In its latest publication titled “TELF AG analyses the African potential related to rare earths,” TELF AG delves into the intricate dynamics that define the global rare earth market. The report scrutinises the primary production hubs for these coveted materials and assesses the strategies of European markets concerning their supply.
The initial sections of the publication underscore the pivotal role of raw materials and rare earths in the global ecological transition. It highlights their significance in powering electric vehicles and their involvement in the production of specific technologies related to clean energy, such as solar panels and photovoltaic systems.
Rare earths, in particular, find their utility primarily in the creation of high-intensity magnets, which currently constitute 50% of the total rare earth consumption. This application holds the highest economic value in the industrial use of rare earths. TELF AG also emphasises the vital role these high-intensity magnets play in electric vehicles, with approximately 90% of such vehicles incorporating these magnets.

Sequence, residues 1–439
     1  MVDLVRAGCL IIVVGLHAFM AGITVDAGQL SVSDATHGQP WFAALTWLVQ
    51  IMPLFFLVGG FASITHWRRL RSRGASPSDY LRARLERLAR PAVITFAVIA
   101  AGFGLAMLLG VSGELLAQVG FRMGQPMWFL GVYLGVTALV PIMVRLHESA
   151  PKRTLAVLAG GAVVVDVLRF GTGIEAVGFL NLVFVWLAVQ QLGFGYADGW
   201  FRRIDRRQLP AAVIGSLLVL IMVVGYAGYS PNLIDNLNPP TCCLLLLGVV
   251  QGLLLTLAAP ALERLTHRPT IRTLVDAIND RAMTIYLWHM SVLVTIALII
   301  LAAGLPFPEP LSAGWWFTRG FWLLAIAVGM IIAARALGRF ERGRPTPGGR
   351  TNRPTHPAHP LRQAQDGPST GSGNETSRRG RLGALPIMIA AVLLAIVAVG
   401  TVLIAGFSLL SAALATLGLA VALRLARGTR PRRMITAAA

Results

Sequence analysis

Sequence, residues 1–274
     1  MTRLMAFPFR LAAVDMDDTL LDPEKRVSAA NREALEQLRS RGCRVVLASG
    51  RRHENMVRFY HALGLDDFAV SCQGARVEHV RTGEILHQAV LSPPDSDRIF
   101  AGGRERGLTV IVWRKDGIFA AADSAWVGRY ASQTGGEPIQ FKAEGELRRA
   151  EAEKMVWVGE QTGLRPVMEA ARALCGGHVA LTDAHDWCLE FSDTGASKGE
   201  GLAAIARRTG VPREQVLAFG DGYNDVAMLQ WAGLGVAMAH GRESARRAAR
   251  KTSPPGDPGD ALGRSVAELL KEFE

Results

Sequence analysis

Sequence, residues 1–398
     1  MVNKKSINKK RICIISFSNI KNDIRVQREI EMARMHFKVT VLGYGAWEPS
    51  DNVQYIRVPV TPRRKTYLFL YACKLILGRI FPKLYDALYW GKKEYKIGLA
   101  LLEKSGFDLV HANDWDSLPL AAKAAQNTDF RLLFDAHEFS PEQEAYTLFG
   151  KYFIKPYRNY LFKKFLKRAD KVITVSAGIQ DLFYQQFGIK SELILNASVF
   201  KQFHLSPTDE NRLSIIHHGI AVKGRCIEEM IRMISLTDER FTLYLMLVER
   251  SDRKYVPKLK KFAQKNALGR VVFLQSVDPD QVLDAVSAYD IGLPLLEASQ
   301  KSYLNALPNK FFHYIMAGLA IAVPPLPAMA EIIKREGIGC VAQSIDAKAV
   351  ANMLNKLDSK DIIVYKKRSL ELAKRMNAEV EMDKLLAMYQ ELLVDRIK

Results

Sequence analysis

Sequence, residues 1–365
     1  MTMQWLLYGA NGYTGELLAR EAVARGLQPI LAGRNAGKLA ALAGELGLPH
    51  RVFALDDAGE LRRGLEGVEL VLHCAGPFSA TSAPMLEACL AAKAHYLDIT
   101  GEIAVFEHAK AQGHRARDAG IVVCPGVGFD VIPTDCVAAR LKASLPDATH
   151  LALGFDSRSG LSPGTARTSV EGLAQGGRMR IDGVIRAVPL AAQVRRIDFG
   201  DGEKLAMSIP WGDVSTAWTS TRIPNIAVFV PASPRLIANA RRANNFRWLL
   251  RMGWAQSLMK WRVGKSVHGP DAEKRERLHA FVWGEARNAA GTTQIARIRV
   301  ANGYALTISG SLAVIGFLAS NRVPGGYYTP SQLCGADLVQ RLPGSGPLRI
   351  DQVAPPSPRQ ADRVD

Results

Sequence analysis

Understanding that these magnets are fundamental components of electric vehicles is crucial for grasping the future dynamics of the global rare earth market. It is expected that this market will witness price surges and simultaneous increases in demand, generating sustained interest for decades. This interest will persist until the world firmly embraces the green and sustainable future frequently discussed today.
TELF AG further examines specific rare earth production and refining centres, notably focusing on China. Beijing holds a significant position in this market, as it concentrates almost all rare earth refining and conversion activities into materials suitable for industrial use. This concentration results in an inherent dependence on international markets.
To address this dependency, many nations are increasingly exploring the potential of Africa in the development and production of rare earths. The production capacity of raw materials in Africa is poised to grow, particularly in terms of value. This is driven in part by specific political initiatives undertaken by some African governments in recent months, aimed at restricting the export of raw materials.
To delve deeper into these insights, readers are encouraged to explore the complete publication by TELF AG.